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Mudra

A mudr ( i/mudr/; Sanskrit: "seal", "mark", or "gesture"; Tibetan. , chakgya) is a symbolic or ritual
gesture in Hinduism and Buddhism.[1] While some mudrs involve the entire body, most are performed with the
hands and fingers.[2] A mudr is a spiritual gesture and an energetic seal of authenticity employed in the
iconography and spiritual practice of Indian religions and traditions of Dharma and Taoism.
One hundred and eight mudras are used in regular Tantric rituals. In yoga, mudrs are used in conjunction with
pranayama (yogic breathing exercises), generally while seated in Padmasana, Sukhasana or Vajrasana pose, to
stimulate different parts of the body involved with breathing and to affect the flow of prana in the body.

Nomenclature and etymology


The Chinese translation is yin (Chinese: ; pinyin: yn) or yinxiang (Chinese: ; pinyin: ynxing). The
Japanese and Korean pronunciation is "in".

Iconography
Mudr is used in the iconography of Hindu and Buddhist art of the Indian subcontinent and described in the
scriptures, such as Ntyastra, which lists 24 asayuta ("separated", meaning "one-hand") and 13 sayuta
("joined", meaning "two-hand") mudrs. Mudr positions are usually formed by both the hand and the fingers.
Along with sanas ("seated postures"), they are employed statically in the meditation and dynamically in Nya
practice of Hinduism. Each mudr has a specific effect on the practitioner. Common hand gestures are to be seen
in both Hindu and Buddhist iconography. In some regions, for example Thailand and Laos, these are different
from each other, but related iconographic conventions are used. According to Jamgon Kongtrul in his commentary
on the Hevajra Tantra, the symbolic bone ornaments (Skt: ahiamudr; Tib: rus pa'i rgyanl phyag rgya) are also
known as "mudra" or "seals".[4]

Indian classical dance


In Indian classical dance the term "Hasta Mudra" (hasta is Sanskrit for hand) is used. The Natya Shastra describes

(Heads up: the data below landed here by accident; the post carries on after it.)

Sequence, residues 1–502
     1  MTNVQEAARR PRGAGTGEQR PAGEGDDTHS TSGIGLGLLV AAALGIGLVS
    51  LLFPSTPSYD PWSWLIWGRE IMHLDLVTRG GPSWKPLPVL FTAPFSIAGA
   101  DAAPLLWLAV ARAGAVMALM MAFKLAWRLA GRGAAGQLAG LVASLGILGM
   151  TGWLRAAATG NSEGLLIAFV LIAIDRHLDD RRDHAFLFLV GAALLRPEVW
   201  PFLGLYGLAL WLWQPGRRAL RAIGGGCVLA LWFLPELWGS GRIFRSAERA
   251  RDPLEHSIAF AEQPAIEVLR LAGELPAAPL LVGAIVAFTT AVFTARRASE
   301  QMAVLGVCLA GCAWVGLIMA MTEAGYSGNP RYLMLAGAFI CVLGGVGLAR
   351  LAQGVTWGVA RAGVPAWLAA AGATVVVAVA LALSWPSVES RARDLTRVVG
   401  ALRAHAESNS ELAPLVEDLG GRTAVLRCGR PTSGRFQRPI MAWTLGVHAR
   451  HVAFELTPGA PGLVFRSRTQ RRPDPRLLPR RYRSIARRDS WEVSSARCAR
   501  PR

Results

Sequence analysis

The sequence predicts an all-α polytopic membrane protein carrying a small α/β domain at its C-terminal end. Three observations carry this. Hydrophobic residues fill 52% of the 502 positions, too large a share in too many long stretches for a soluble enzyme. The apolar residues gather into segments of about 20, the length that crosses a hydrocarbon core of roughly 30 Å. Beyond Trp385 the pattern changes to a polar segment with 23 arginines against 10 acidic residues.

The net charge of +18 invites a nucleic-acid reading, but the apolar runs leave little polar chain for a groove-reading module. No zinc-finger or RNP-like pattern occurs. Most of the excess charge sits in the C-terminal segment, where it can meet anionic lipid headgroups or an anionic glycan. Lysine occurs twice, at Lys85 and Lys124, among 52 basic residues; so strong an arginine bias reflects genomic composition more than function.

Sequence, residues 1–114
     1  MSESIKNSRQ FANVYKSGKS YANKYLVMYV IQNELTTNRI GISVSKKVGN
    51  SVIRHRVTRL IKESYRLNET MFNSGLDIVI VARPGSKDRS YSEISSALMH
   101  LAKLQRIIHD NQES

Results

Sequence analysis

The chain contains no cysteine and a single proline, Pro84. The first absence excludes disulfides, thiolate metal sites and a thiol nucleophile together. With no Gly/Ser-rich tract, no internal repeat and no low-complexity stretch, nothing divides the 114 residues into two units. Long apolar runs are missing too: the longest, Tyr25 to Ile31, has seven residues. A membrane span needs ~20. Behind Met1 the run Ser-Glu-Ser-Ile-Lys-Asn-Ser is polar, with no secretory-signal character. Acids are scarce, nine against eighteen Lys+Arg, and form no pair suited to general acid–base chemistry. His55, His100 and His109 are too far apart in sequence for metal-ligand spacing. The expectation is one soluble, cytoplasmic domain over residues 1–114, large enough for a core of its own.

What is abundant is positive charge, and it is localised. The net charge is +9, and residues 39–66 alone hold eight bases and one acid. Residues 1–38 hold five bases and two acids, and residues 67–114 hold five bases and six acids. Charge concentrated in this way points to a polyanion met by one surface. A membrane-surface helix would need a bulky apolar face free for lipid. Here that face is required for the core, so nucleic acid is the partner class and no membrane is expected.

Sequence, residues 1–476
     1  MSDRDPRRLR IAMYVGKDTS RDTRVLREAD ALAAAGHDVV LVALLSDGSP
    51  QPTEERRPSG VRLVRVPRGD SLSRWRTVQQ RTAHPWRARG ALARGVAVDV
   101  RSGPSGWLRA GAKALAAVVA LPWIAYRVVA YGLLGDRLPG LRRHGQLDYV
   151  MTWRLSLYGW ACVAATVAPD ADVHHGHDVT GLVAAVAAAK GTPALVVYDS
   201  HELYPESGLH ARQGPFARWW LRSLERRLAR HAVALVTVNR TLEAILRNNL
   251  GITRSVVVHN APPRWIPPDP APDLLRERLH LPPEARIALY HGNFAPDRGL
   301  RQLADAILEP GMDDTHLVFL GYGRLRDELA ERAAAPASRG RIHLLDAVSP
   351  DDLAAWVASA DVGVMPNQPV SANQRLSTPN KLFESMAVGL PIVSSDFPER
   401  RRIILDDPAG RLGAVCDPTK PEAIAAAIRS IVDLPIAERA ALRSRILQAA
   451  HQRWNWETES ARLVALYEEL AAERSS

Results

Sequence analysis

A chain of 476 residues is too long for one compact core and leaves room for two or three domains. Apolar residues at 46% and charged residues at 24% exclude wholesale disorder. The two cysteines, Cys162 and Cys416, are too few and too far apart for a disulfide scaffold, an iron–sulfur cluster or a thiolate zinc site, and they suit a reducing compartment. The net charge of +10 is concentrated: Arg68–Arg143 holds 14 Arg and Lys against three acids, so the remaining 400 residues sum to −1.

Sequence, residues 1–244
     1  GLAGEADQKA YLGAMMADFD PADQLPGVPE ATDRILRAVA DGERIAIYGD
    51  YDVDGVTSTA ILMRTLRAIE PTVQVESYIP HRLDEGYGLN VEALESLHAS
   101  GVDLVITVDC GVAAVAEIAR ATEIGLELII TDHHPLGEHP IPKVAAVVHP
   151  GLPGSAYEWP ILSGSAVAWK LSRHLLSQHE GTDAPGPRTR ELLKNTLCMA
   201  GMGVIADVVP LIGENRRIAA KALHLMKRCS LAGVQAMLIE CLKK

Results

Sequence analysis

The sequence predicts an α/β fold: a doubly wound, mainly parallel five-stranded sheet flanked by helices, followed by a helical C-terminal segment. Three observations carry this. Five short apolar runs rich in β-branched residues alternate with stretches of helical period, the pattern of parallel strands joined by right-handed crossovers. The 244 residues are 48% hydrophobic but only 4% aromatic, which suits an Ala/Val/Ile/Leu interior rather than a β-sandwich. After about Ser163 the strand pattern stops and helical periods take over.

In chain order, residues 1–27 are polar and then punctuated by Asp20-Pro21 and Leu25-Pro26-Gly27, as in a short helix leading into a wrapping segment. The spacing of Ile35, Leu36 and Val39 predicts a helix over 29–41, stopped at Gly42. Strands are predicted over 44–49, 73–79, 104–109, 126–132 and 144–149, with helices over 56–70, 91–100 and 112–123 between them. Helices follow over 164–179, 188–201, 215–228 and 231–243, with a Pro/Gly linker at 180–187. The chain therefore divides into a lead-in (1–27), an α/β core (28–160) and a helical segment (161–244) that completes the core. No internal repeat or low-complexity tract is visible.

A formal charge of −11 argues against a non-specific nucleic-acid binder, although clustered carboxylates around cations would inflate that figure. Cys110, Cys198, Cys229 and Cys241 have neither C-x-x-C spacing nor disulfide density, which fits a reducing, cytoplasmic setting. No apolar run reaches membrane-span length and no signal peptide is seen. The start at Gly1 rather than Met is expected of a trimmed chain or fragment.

24 mudras, while the Abhinaya Darpana gives 28.[7] In all they forms of Indian classical dance the mudras are
similar, though the names and uses vary. There are 28 (or 32) root mudras in Bharatanatyam, 24 in Kathakali and
20 in Odissi. These root mudras are combined in different ways, like one hand, two hands, arm movements, body
and facial expressions. In Kathakali, which has the greatest number of combinations, the vocabulary adds up to
circa 900. Sanyukta mudras are mudras that use both hands, and asanyukta mudras are mudras that use only one
hand words.[8]

Yogic mudrs
The main source of Mudra are Gherandya Samhita and Hathyoga Pradipika. Gherandya Samhita is written by
Sage Gherandya and Hathyoga Pradipika is written by Swami Pt. Swatmaram from Nath Tradition. Later there
was more work on this topic by Swami Satyanand Saraswati. He was the founder of Bihar School of Yoga. Mudrs
are a fundamental form of yoga practice; the most famous book published by the Bihar School of Yoga is called
Asana, Pranayama, Mudr, Bandha.

Basic mudr: Chin Mudr


Thumb and forefinger on each of both hands join as a zero. The rest of the fingers are extended. The hands are
placed palms-up on the thighs or knees while sitting in Vajrasana. This mudr activates the diaphragm, making for
deep "stomach-breathing", as the diaphragm pushes out the internal organs when it descends towards the pelvis on